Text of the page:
The Roman emperor Marcus Aurelius Probus (232-282) secured them in his battles against the Franks, Alemanni, Burgundians, Wandals and Goths Rhine- and Danube line, In 280 he raised that from Kaiser Domitian (51-96) in 92 imposed a ban on planting vines in the provinces outside Italy. The "Historia Augusta" mentions: Gallis omnibus et Hispanis ac Brittannis hinc permisit, ut vites haberent vinumque conficerent (It allowed all Gauls, Spaniards and Brits to own vines and to produce wine) . In Germany and Austria He is considered the founder of viticulture and is even close to wine gods moved. In the wine tavern Grinzing in Wien even an alley is named after him, but the emperor was probably never in this Roman border settlement at the time. Although he gave important impulses, his achievements have been described a little too exaggerated, for example by the French chemist Jean-Antoine Chaptal (1756-1832). However, it is undisputed that it has had a positive influence on viticulture throughout Europe.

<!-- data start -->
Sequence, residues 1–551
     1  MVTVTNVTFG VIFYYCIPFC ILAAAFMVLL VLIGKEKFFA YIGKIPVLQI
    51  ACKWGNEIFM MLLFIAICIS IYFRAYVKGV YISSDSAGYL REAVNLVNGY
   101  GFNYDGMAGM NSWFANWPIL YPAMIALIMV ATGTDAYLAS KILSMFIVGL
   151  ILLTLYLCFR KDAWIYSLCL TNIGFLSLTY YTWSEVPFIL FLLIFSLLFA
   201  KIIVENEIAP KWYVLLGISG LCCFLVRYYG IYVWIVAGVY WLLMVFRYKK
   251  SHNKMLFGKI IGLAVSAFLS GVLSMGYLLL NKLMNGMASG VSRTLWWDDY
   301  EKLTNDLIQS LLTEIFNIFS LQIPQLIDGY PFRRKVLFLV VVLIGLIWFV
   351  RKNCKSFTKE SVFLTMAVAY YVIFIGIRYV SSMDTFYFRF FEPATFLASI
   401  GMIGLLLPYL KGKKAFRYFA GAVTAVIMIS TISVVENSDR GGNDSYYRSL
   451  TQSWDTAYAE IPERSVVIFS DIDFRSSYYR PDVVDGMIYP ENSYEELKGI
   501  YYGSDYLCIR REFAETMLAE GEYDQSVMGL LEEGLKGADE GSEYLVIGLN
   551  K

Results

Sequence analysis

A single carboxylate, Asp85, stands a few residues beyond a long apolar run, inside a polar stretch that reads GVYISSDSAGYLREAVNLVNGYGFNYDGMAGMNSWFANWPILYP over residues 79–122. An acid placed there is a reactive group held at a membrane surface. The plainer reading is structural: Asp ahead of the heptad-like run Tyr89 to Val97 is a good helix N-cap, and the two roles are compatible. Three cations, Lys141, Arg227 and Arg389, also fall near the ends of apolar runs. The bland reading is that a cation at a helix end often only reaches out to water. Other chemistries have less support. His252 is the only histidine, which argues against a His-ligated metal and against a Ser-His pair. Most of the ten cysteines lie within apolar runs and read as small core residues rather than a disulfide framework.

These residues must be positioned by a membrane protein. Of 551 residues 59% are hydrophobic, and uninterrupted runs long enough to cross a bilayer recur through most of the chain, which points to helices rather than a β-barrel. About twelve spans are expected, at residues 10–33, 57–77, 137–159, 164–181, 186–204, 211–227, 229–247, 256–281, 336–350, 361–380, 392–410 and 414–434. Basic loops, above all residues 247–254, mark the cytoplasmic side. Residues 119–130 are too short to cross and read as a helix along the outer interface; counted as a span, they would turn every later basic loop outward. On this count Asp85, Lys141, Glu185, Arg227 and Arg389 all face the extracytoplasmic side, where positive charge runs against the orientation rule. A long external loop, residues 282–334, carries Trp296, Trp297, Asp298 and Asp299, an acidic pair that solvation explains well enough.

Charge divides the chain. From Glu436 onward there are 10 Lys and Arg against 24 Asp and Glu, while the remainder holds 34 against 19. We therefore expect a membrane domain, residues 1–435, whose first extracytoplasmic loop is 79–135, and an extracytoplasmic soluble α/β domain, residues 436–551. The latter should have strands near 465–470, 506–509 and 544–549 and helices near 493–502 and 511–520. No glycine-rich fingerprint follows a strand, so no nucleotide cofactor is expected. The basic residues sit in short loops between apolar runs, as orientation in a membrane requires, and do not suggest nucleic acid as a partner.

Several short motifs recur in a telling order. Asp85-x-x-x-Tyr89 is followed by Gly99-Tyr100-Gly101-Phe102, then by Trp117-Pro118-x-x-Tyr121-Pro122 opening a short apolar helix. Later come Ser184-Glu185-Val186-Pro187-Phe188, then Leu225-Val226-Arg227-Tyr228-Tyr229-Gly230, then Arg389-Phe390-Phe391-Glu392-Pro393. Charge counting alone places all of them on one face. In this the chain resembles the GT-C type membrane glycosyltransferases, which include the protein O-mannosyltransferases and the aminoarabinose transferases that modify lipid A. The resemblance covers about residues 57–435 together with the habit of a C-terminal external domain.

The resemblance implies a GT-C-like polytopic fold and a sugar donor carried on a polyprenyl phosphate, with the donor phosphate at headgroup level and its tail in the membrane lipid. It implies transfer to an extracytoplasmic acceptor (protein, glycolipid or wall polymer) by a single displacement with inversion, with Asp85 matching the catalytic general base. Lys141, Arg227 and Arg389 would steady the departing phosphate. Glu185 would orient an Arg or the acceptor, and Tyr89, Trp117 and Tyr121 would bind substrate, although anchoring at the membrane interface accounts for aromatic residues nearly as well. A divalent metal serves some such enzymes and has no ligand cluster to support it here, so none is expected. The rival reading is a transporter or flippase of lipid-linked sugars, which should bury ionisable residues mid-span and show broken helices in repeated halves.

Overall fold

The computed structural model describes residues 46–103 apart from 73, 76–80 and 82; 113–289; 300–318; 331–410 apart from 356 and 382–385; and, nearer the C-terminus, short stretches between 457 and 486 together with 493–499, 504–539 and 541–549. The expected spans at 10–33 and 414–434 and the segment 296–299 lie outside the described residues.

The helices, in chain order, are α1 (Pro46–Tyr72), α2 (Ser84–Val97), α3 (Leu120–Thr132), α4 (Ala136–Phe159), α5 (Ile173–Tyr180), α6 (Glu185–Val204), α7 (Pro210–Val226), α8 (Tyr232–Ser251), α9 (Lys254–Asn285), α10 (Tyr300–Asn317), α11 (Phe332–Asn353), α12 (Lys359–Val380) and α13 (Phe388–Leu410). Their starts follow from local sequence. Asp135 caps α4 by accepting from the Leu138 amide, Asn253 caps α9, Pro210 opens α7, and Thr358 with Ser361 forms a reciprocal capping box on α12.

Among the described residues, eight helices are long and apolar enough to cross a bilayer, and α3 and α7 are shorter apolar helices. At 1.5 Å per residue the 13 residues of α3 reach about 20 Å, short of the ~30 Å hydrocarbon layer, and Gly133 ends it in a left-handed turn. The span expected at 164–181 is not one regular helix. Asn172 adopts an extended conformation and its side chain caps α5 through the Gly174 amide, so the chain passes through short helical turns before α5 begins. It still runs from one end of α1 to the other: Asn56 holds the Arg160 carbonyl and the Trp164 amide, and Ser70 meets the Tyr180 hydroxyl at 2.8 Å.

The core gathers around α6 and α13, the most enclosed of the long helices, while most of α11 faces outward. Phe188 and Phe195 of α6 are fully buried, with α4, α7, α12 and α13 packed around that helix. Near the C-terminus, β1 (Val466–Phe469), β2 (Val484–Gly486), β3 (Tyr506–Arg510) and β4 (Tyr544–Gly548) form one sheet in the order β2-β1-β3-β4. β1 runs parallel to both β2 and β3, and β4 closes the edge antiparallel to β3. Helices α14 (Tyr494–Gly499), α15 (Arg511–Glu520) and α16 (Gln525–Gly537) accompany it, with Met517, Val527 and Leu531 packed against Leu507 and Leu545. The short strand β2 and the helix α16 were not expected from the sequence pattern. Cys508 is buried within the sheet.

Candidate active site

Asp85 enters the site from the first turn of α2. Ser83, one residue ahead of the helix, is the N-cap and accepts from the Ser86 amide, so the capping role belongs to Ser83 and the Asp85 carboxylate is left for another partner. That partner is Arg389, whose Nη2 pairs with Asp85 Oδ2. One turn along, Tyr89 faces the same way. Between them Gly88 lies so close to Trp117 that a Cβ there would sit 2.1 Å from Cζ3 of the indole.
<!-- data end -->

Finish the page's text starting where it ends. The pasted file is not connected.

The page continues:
There is no information about his personal wine preferences, but it can be assumed that on his table the then classic wines of the Roman upper class such as the famous one Falernian were to be found. Even in times of peace, he had his soldiers work hard, who had to clear the land to plant new vineyards. This was done, for example, in the two provinces of Pannonia (western Hungary, Burgenland etc.), especially on the Danube and Gaul. Paradoxically, Probus was allegedly murdered in a vineyard by dissatisfied soldiers from his army. The suspected background was that the emperor was thinking of dismissing the soldiers after relative peace had returned to the empire. The legionaries were therefore increasingly used for civilian tasks, which were very unpopular with the troops. New breeding was a tribute to the emperor in Serbia Probus named. See also under Ancient wines and Ancient grape varieties,